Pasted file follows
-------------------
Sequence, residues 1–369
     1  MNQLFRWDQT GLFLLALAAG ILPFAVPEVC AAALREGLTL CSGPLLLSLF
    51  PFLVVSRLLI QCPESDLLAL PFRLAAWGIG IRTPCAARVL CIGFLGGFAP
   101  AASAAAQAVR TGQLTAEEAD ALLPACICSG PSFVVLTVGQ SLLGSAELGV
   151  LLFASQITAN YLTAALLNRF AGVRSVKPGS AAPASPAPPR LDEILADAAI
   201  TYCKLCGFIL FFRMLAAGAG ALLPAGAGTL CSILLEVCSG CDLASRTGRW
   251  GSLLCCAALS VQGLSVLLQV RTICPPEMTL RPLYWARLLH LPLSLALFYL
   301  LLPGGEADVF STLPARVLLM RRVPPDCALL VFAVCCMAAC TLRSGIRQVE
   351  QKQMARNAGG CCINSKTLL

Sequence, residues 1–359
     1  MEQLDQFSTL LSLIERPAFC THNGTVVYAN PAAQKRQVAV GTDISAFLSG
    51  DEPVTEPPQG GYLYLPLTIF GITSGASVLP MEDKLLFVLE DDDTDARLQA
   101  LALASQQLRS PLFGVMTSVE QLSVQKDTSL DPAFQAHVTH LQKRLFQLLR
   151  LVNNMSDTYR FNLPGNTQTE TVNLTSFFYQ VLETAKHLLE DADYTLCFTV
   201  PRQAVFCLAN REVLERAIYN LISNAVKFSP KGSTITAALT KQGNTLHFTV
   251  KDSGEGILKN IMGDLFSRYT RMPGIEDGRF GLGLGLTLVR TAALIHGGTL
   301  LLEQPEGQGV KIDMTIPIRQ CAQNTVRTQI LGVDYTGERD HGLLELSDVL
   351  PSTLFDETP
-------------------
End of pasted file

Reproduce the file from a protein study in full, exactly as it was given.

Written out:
Sequence, residues 1–369
     1  MNQLFRWDQT GLFLLALAAG ILPFAVPEVC AAALREGLTL CSGPLLLSLF
    51  PFLVVSRLLI QCPESDLLAL PFRLAAWGIG IRTPCAARVL CIGFLGGFAP
   101  AASAAAQAVR TGQLTAEEAD ALLPACICSG PSFVVLTVGQ SLLGSAELGV
   151  LLFASQITAN YLTAALLNRF AGVRSVKPGS AAPASPAPPR LDEILADAAI
   201  TYCKLCGFIL FFRMLAAGAG ALLPAGAGTL CSILLEVCSG CDLASRTGRW
   251  GSLLCCAALS VQGLSVLLQV RTICPPEMTL RPLYWARLLH LPLSLALFYL
   301  LLPGGEADVF STLPARVLLM RRVPPDCALL VFAVCCMAAC TLRSGIRQVE
   351  QKQMARNAGG CCINSKTLL

Sequence, residues 1–359
     1  MEQLDQFSTL LSLIERPAFC THNGTVVYAN PAAQKRQVAV GTDISAFLSG
    51  DEPVTEPPQG GYLYLPLTIF GITSGASVLP MEDKLLFVLE DDDTDARLQA
   101  LALASQQLRS PLFGVMTSVE QLSVQKDTSL DPAFQAHVTH LQKRLFQLLR
   151  LVNNMSDTYR FNLPGNTQTE TVNLTSFFYQ VLETAKHLLE DADYTLCFTV
   201  PRQAVFCLAN REVLERAIYN LISNAVKFSP KGSTITAALT KQGNTLHFTV
   251  KDSGEGILKN IMGDLFSRYT RMPGIEDGRF GLGLGLTLVR TAALIHGGTL
   301  LLEQPEGQGV KIDMTIPIRQ CAQNTVRTQI LGVDYTGERD HGLLELSDVL
   351  PSTLFDETP